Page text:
We all know to call 911 if there is an emergency. There is another emergency number that I’d suggest adding to your phone if you spend any time fishing, hunting, or enjoying the great outdoors in Arizona.

The Operation Game Thief Hotline number, 800-352-0700, is staffed around the clock, seven days a week. Unfortunately, I have had to call that number on a couple of occasions.

The Arizona Game and Fish Department (AZGFD) works on our behalf to improve habitat, manage wildlife and fish, and enforce hunting and fishing rules and regulations.

There are 97 wildlife/fish managers in Arizona. They are part-time biologists and part-time law enforcement officers. These hard-working AZGFD employees often have a large territory to manage. When they encounter a game/fish thief, that workload only increases as they investigate these crimes.

That typically involves penalties within the court system and penalties imposed by the Arizona Game and Fish Commission regarding an individual’s hunting and fishing privileges and reimbursement costs for the wildlife or fish taken illegally.

The regulations are in the fishing regulations book. As an example, the general statewide daily bag limit for trout is six fish. That also means that you must stop fishing for trout once that daily bag limit is reached.

There are specific regulations for how many fish you can take out of a body of water.

In our area, there are several areas with different regulations that anglers are responsible to know.

For example, at the Green Valley Lakes, like many Community Fishing Program lakes in the state, the daily bag limit is four trout. Smaller Community Fishing Program ponds in the Valley have a bag limit of two trout.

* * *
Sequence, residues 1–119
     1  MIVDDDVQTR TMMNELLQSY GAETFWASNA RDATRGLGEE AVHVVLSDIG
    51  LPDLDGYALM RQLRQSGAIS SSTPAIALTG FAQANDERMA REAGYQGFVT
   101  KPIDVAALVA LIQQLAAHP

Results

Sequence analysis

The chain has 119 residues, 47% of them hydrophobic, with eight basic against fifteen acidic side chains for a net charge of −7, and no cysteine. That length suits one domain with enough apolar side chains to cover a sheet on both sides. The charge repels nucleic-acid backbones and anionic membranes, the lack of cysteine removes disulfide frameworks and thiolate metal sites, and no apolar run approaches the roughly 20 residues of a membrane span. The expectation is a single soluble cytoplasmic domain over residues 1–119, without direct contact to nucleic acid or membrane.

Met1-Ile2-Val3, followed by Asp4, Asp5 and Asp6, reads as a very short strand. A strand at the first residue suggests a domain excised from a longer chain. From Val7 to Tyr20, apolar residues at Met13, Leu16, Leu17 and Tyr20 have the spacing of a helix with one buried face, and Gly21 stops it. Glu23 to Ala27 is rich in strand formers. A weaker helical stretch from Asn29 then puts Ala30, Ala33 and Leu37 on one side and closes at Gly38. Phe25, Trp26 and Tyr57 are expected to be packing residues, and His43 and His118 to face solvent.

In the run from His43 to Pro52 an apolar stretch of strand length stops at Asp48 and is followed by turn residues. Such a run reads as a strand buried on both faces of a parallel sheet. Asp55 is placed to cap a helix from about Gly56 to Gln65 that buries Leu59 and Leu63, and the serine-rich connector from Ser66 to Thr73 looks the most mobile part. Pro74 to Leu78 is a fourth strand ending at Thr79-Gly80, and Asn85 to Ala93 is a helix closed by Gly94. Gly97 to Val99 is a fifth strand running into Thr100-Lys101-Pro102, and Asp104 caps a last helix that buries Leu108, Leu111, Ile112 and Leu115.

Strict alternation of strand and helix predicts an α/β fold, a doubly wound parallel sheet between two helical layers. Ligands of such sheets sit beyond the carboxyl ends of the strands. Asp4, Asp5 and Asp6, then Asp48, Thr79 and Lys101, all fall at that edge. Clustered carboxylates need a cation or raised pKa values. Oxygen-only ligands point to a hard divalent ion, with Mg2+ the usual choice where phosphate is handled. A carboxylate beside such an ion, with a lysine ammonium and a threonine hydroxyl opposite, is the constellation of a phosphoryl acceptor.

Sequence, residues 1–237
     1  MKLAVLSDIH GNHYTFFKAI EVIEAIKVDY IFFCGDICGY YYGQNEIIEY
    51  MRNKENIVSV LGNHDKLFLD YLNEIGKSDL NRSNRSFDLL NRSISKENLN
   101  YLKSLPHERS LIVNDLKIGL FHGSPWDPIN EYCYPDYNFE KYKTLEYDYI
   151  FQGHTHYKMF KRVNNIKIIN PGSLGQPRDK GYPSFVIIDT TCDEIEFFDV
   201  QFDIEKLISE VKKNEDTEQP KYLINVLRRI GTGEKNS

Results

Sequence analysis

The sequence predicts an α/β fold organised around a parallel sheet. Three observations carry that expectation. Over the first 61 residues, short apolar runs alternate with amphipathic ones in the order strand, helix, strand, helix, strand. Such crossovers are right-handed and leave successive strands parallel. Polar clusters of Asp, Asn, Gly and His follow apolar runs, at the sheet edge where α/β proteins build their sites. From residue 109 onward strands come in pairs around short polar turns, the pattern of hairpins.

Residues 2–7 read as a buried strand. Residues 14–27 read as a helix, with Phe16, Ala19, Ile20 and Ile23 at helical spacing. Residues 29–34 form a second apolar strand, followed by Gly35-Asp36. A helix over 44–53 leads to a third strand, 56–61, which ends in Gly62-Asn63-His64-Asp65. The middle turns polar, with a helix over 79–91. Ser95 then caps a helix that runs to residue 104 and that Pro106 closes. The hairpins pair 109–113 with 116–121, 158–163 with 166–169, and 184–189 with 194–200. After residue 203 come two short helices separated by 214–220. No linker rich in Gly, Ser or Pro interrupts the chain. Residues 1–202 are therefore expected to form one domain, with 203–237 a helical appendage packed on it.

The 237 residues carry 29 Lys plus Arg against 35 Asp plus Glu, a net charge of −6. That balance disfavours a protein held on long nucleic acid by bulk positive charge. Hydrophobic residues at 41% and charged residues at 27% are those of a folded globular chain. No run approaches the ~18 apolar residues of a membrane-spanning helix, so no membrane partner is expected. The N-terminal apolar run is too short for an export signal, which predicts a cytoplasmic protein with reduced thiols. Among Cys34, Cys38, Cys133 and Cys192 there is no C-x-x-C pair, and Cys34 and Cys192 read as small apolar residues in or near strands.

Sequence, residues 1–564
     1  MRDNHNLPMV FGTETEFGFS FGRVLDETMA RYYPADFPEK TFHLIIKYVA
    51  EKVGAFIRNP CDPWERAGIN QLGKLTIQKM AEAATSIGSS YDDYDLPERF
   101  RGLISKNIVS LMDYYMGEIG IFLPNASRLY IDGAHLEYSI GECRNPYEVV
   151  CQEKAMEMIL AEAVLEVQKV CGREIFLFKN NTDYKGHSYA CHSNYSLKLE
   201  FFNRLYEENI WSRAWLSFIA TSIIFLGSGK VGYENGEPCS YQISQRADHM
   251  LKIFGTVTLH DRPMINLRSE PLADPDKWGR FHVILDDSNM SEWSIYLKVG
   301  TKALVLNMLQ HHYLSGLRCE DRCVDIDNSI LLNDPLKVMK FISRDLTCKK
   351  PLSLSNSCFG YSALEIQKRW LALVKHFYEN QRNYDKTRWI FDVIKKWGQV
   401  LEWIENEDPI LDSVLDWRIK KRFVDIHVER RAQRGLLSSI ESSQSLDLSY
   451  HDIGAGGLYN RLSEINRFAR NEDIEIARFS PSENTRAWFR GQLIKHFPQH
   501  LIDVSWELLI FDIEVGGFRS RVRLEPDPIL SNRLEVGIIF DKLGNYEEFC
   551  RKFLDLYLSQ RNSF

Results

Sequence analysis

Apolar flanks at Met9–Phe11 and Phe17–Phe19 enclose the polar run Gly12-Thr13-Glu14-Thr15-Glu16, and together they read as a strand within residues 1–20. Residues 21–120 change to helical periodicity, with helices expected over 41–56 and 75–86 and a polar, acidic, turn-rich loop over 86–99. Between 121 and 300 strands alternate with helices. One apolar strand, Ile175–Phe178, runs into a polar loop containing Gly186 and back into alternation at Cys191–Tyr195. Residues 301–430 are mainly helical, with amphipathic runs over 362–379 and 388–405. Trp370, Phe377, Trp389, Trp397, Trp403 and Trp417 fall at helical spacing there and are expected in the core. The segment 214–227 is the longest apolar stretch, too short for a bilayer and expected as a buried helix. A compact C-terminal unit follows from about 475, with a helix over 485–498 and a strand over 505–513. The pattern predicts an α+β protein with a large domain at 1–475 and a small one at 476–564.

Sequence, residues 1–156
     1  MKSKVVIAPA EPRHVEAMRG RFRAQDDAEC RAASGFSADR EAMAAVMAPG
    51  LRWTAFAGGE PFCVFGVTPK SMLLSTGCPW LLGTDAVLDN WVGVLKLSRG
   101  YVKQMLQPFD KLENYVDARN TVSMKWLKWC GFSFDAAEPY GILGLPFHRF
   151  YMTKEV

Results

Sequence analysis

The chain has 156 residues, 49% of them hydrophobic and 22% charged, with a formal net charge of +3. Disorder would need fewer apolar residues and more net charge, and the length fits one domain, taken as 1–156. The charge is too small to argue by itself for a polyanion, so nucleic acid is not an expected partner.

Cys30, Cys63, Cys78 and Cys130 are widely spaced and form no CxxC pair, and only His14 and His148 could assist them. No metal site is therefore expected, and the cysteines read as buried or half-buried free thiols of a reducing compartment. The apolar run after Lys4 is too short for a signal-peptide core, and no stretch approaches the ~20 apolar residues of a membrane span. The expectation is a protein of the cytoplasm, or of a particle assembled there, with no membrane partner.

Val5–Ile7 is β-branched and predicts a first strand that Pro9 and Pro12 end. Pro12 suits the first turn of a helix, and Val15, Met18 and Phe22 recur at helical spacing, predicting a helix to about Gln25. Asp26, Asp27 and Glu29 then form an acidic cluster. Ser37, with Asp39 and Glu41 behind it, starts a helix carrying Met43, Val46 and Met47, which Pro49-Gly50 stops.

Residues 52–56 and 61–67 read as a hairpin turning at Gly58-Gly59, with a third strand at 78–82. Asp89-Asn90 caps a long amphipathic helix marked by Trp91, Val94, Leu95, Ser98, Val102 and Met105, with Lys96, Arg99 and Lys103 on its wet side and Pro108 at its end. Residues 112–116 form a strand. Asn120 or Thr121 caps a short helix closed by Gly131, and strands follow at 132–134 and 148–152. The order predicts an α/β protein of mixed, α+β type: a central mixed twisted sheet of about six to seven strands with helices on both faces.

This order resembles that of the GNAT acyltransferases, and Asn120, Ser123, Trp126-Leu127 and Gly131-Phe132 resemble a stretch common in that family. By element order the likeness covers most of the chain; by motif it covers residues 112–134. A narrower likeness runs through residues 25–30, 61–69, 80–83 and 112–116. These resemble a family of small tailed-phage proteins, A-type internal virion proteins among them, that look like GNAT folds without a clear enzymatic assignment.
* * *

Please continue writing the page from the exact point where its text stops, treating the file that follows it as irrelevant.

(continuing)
Canyon Creek has a daily limit of four trout in the upper section. In the unstocked lower section, that is home to wild brown trout, restrictions limit it to catch and release and the use of single barbless hooks, artificial fly or lure.

Horton Creek and the Upper East Verde River are also only catch and release with single barbless hooks, artificial fly or lure stipulations.

These are just a couple examples of waters in Rim Country. It is important to know the rules for the body of water that you intend to fish.

Regulations are in place to protect sensitive populations of fish, or to reflect the smaller amount of fish stocked into certain waters so that everyone has a fair chance at success.

I almost always return my catch to the stream or lake when I fish unless I have injured the fish and it will not survive the release. Many folks keep their catch, which I fully support. What I struggle with is when individuals take more than their share, or take them using illegal methods.

We all make mistakes. You can remind folks if you think they didn’t know the daily bag limits. If it is uncomfortable, seems ineffective, is likely to become confrontational, or is a blatant violation, call the Operation Game Thief Hotline (800-352-0700). Any photographic evidence that you can produce of the incident is valuable for the investigation.

We all need to take responsibility to protect these precious resources. The Arizona Game and Fish Department can’t do it without us.

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